To call Omar’s vote “shocking” is an understatement, and represents the biggest political capitulation—if not outright hypocrisy—in recent D.C. memory, a town famous for Olympic-level flip-floppers. Omar voted in favor of the exact thing she was famous, internationally, for opposing, at a time when Israel was still bloodily “mopping up” in Gaza after its devastating military action. Omar had very publicly condemned Israel’s actions in May, boldly railing against the U.S. aid to Israel that she ultimately voted for in July.

A 2017 protest against U.S. aid for Israel in Washington D.C. Photo by Ted Eytan.

Omar’s about-face garnered much more attention internationally than it did in the U.S., though it was denounced loudly by many pro-Palestinian groups, including Jews for Palestinian Right of Return, who said, “it is reprehensible that anyone, let alone someone who presents herself as progressive would vote yes on a bill that sends money to apartheid Israel”.

How did this happen? Simply speculating isn’t necessary, since Omar gives many hints in her autobiography, written last year, which outlines her political trajectory. In her book, This is What Democracy Looks Like, Omar doesn’t paint a self-portrait of a leftist connected to a progressive movement, but a more ambitious, establishment-style politician dedicated to the existing Democratic Party.

What Omar reveals in her autobiography

In the past, politicians wrote memoirs once they retired from public life. For sitting politicians, autobiographies are now commonly used to increase one’s political capital as they prepare for their next electoral conquest, and they typically do this using two tactics at once: projecting a sympathetic picture to a broad population, while also signaling to the political class where they stand on key issues: for the masses, “like me,” and to the establishment, “don’t fear me.”

Obama did this in his autobiography The Audacity of Hope, which helped endear him to millions while he also disclosed to the more sophisticated politicos that he was a neoliberal in the Reagan sense, of whom Obama described his admiration. This helped ease fears that Obama would, if elected, pursue a radical left program, or that he would even stray from the neoliberal path laid down by Reagan and followed by Republicans and Democrats ever since.

Omar’s autobiography has an eerily similar feel to Obama’s. Most notably, Omar admits that “the person I admire most” is Margaret Thatcher, that enemy of the British working class who was Reagan’s political counterpart. Omar proudly notes that she shares a nickname that Thatcher made famous, “the Iron Lady.” It’s also noteworthy that Omar is only 39 years old, and thus likely has little memory of Thatcher exercising power. Her admiration is therefore limited to history books, and any biography of Thatcher should mention that her removal from power came in response to mass protests against her poll tax, after she physically crushed labor unions, privatized and deregulated huge swaths of the British economy, and ushered in the neoliberal era.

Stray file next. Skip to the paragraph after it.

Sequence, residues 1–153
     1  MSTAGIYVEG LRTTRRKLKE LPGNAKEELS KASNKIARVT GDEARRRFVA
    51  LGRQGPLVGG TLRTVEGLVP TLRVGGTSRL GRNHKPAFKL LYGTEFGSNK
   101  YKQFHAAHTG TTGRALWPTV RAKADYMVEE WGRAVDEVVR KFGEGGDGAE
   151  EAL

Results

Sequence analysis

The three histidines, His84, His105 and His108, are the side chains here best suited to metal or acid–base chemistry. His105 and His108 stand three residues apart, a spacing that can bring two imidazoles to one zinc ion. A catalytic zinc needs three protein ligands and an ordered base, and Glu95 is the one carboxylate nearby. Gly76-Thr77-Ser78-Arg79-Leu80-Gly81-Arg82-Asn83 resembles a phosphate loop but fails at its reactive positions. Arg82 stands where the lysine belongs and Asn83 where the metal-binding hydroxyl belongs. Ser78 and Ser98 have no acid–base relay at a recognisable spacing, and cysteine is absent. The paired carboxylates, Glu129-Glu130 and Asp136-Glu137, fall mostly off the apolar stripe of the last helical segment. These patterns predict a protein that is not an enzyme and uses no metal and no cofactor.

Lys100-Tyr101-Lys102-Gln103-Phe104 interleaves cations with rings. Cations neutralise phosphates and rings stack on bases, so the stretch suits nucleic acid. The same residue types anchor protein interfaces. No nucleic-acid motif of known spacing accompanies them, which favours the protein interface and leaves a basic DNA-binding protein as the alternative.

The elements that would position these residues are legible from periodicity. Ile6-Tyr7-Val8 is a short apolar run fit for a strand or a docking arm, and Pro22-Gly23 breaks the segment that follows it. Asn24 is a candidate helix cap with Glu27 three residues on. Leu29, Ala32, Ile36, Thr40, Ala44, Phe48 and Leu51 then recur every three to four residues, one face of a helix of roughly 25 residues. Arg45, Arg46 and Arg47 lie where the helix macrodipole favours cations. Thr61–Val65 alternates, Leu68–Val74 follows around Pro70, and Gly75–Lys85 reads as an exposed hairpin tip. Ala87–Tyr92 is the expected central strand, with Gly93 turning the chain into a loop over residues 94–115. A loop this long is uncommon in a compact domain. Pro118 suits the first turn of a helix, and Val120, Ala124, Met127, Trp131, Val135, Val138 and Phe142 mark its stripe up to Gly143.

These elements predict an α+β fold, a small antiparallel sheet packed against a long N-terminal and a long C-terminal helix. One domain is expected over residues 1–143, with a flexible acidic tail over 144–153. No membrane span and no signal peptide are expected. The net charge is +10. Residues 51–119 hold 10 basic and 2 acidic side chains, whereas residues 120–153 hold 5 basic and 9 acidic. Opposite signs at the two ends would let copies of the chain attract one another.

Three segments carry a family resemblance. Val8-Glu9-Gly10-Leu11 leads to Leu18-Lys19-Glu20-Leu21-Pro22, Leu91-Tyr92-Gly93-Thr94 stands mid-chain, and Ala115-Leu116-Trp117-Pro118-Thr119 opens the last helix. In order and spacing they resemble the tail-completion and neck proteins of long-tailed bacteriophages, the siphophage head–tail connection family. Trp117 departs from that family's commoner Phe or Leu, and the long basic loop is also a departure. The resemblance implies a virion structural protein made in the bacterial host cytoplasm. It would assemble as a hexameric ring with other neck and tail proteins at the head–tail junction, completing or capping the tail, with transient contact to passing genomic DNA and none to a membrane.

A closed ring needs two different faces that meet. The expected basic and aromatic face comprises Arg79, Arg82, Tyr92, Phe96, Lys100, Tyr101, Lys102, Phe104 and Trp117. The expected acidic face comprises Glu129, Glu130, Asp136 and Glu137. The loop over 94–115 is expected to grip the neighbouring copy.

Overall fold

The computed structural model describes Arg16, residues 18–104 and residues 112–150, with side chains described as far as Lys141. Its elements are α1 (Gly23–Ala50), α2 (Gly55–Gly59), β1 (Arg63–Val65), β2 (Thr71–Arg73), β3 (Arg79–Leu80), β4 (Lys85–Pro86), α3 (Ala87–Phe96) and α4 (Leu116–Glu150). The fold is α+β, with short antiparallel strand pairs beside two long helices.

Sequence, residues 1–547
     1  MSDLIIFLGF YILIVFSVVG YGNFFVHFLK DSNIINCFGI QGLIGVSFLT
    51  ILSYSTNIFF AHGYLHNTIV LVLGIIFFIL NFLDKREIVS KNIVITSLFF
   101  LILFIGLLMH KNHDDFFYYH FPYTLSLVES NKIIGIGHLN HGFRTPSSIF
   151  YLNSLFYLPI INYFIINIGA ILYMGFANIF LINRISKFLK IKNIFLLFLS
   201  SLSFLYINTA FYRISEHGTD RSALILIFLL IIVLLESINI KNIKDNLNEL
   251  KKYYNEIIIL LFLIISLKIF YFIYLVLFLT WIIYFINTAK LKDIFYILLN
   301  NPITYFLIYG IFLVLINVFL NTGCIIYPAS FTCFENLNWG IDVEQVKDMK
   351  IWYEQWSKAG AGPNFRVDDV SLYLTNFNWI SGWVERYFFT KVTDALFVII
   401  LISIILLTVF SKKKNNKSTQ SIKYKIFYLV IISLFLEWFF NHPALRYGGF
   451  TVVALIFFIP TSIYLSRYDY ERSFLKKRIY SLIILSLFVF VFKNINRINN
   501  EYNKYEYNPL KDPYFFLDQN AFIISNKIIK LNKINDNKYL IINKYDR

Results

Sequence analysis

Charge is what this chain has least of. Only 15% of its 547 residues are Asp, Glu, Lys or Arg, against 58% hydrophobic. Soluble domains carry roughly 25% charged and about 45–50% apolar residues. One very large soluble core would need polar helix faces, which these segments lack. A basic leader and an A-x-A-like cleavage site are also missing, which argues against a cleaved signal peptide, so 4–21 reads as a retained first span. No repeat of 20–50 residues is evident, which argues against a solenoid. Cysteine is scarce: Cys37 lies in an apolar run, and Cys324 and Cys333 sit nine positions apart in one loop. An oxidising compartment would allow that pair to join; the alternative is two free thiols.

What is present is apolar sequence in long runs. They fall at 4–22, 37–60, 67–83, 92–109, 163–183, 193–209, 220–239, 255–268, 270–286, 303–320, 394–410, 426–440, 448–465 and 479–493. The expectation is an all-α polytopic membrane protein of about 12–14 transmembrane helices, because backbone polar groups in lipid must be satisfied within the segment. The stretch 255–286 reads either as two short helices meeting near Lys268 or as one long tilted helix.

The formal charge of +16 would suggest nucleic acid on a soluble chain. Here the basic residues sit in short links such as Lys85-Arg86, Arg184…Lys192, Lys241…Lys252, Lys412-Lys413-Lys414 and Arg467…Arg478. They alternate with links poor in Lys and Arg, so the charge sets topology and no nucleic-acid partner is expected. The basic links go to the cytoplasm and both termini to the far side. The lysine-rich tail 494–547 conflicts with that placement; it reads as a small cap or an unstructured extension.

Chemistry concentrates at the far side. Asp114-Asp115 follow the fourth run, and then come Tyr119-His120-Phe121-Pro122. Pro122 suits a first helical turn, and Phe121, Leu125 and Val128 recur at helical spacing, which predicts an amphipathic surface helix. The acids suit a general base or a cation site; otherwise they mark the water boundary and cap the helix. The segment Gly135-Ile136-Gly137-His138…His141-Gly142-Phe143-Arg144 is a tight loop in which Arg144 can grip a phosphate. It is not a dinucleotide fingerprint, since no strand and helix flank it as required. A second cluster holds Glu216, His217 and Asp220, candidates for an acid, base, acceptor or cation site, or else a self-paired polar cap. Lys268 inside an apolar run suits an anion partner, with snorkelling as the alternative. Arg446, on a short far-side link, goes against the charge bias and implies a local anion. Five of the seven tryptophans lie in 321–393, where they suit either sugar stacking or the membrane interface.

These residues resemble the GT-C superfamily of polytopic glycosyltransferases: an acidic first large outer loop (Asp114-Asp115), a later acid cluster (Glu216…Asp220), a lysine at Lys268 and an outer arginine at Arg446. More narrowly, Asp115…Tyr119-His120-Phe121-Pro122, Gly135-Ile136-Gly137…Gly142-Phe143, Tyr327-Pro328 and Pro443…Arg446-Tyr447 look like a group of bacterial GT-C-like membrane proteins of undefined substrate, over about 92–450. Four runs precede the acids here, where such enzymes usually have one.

Omar tries to distance herself from Thatcher politically, saying “her politics aren’t mine,” but such disclaimers fall flat whenever praise is lavished on a tyrant. Nor is Omar’s fondness of Thatcher an aberration in an otherwise progressive political outlook, since the political figure she writes about most is Nancy Pelosi.

Omar describes Pelosi in terms ranging from glowing to gushing. To Omar, Pelosi is “someone I admire greatly,” a pioneer of decentness and respectability in politics, not a decades-long pillar of the Democratic Party that has been running to the political Right for decades. Omar makes it clear that Pelosi is her mentor, and makes no attempt to distance herself politically.

Bernie Sanders, meanwhile, gets barely two sentences of mention in Omar’s story, while Alexandria Ocasio-Cortez receives an unremarkable half-sentence.

Aside from her obvious passion for refugee issues—Omar is a Somali war refugee—her autobiography mentions little to nothing about a broader progressive vision. She mentions inequality in one paragraph, but no remedy is suggested and virtually no other issues are touched upon. Black Lives Matter is ignored along with the unmentioned climate crisis. The issue of war and peace isn’t mentioned (after she writes about leaving Somalia); there is no mention of the fact that Obama and Trump—and now Biden—have been bombing Somalia relentlessly for years, while serving as money and gun conduits for Israel’s war crimes against Palestinians.